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The keynote speaker for this year’s lecture was Dr Mathole Motshekga, executive director of the Kara Heritage Institute. At a special heritage gathering held under the stars in the heart of the park, he discussed Mapungubwe’s archaeoastronomical and cultural history, and its significance for nation building and social cohesion. This lecture comes at an opportune time given the country is celebrating Heritage Month, and SANPark capitalized on this opportunity to promote cultural heritage and tourism and also celebrate the richness and diversity of South Africa’s cultural heritage.
The festivities of the weekend were formally opened by the renowned public speaker and accomplished VhaVenda researcher and publisher, Dr MC Neluvhalani who rendered a talk titled: ‘Mapungubwe; Time before time became time’.
SANParks Managing Executive Tourism Development and Marketing, Hapiloe Sello stated, “SANParks are renowned as some of the most beautiful corners of our country, but many do not know that they are also home to important archaeological and heritage sites. Mapungubwe has many cultural gems (sacred sites, indigenous communities, rock art etc.) which are underutilised in terms of promoting cultural tourism.”
“The Park has wonderful facilities and locations that are a draw card and highlight its unique characteristics that create an exceptional experience for our visitors. One of these is Mapungubwe Hill, the site of an ancient kingdom that traded with the East before mysteriously disappearing. Today, Mapungubwe National Park is a World Heritage Site in recognition of its myriad cultural riches.”
Sello further reiterated that, “In 2016 we held our first ever weekend of African Spirituality at Golden Gate Highlands National Park. This year at Mapungubwe National Park our aim is to expose people to the different spiritual significance found in the national parks.”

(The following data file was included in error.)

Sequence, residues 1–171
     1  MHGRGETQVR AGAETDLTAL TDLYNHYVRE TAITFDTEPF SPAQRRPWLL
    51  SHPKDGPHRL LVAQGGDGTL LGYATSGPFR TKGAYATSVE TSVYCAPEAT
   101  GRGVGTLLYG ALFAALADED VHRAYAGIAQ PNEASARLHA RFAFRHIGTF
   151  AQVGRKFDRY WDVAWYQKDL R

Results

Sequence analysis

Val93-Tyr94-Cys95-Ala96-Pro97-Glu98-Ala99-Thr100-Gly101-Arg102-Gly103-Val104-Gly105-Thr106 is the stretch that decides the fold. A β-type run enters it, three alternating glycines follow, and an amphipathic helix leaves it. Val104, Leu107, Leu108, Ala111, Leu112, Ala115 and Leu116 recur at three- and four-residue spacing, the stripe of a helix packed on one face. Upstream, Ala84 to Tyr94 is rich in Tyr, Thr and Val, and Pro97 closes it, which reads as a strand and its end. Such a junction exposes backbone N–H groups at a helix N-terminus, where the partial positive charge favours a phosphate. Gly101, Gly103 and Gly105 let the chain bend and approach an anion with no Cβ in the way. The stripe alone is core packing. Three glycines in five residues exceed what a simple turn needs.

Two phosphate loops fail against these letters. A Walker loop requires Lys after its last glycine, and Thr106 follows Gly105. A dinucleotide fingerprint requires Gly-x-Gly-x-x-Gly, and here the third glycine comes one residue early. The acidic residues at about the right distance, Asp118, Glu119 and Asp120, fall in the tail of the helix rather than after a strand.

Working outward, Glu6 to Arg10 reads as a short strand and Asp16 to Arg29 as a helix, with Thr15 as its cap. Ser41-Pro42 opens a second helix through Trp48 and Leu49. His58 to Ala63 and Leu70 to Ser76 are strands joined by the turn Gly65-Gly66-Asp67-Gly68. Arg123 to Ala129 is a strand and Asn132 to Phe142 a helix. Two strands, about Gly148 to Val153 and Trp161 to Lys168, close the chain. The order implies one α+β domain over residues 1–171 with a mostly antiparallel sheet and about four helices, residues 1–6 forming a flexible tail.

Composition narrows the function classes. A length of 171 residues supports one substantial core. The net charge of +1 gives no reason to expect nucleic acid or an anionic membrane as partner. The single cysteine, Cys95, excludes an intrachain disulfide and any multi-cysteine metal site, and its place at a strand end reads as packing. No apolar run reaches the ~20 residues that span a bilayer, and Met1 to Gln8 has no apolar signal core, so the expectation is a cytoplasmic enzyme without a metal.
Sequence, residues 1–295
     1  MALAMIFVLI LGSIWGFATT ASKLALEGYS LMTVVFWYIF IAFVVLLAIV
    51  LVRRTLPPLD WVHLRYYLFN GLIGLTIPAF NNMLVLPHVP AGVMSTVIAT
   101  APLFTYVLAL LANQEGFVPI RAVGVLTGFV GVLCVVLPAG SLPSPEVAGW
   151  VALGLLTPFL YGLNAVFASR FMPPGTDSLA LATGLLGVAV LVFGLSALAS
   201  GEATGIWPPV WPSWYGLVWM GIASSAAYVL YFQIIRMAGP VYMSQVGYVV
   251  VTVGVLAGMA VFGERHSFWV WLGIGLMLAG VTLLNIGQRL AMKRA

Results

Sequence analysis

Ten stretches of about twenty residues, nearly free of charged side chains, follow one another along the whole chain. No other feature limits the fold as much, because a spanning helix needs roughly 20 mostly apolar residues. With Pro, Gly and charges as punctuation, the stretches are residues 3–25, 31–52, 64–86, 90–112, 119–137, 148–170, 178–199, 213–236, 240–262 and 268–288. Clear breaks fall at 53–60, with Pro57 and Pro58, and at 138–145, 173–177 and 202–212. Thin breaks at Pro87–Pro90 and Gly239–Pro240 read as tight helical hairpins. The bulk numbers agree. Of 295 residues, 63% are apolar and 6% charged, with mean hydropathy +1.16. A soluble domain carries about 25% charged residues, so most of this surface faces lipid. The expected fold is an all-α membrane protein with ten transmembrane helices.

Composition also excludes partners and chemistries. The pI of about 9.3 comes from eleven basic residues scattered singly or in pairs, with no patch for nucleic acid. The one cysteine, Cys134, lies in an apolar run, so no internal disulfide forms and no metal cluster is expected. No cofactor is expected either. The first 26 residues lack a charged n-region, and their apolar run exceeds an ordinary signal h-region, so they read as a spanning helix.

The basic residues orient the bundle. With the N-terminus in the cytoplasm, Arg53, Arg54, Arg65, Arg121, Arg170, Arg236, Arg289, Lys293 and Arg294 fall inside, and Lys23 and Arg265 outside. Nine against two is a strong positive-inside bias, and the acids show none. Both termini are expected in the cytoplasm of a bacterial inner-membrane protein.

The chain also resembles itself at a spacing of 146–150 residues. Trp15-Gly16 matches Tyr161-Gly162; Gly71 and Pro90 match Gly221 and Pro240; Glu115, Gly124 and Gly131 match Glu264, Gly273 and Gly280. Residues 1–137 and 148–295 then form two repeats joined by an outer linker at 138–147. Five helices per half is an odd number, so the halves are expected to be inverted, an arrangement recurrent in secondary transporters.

“The annual event also seeks to foster collaborative relationships with SANParks stakeholders and form long term strategic partnerships in cultural heritage and tourism. The African Spirituality Weekend involves a myriad of stakeholders from the public and private sector but more especially the traditional healers and community members of the respective communities around the Mapungubwe Park.”
For Mapungubwe, the intention is to tell its story not only from the known archaeological angle but also from an oral history, cultural, cosmological and spiritual perspective (we do this by inviting academics and cultural experts who share their story of this incredible ancient civilisation breaks down many myths and hypotheses that African’s were uncivilised and devoid of innovation and intellect. Retelling this story of African brilliance allows us the opportunity to present a sense of pride and dignity.
As with any celebration, there were musical performances from well-known musicians like Thabang Thabane Son of the late, legendary Dr Philip Nchipi Tabane, who originated and pioneered malombo music in the early 1960s. Thabang has been touring the world, playing with his father’s band and other South African luminaries since he was 8 years old. Guests will also be serenaded by singer and songwriter, songbird Tribute ‘Birdie’ Mboweni who was born and raised in Mkhuhlu, Mpumalanga in a multicultural household (her father is Shangaan and mother Zulu).
This annual event’s intent was to transport guests back into a time of the great, powerful and wealthy ancient Kingdom of Mapungubwe whose industrious people flourished and traded in gold and ivory with Eastern cultures such as China, Arabia and India. The experience remains a continuation of the celebration of South Africa’s living heritage and indigenous knowledge systems as well as showcasing the park’s magical landscape and will form part of the Heritage month festivities.